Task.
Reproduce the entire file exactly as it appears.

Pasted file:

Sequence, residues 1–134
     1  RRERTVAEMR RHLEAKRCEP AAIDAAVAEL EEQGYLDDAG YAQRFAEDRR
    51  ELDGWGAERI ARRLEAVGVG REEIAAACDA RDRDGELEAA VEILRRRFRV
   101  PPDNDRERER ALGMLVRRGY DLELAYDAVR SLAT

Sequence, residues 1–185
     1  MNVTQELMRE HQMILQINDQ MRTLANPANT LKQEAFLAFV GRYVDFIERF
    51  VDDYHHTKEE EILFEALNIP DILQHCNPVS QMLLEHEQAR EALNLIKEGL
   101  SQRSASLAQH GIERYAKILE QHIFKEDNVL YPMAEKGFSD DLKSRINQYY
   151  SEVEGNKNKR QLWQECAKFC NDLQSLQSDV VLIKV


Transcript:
Sequence, residues 1–134
     1  RRERTVAEMR RHLEAKRCEP AAIDAAVAEL EEQGYLDDAG YAQRFAEDRR
    51  ELDGWGAERI ARRLEAVGVG REEIAAACDA RDRDGELEAA VEILRRRFRV
   101  PPDNDRERER ALGMLVRRGY DLELAYDAVR SLAT

Sequence, residues 1–185
     1  MNVTQELMRE HQMILQINDQ MRTLANPANT LKQEAFLAFV GRYVDFIERF
    51  VDDYHHTKEE EILFEALNIP DILQHCNPVS QMLLEHEQAR EALNLIKEGL
   101  SQRSASLAQH GIERYAKILE QHIFKEDNVL YPMAEKGFSD DLKSRINQYY
   151  SEVEGNKNKR QLWQECAKFC NDLQSLQSDV VLIKV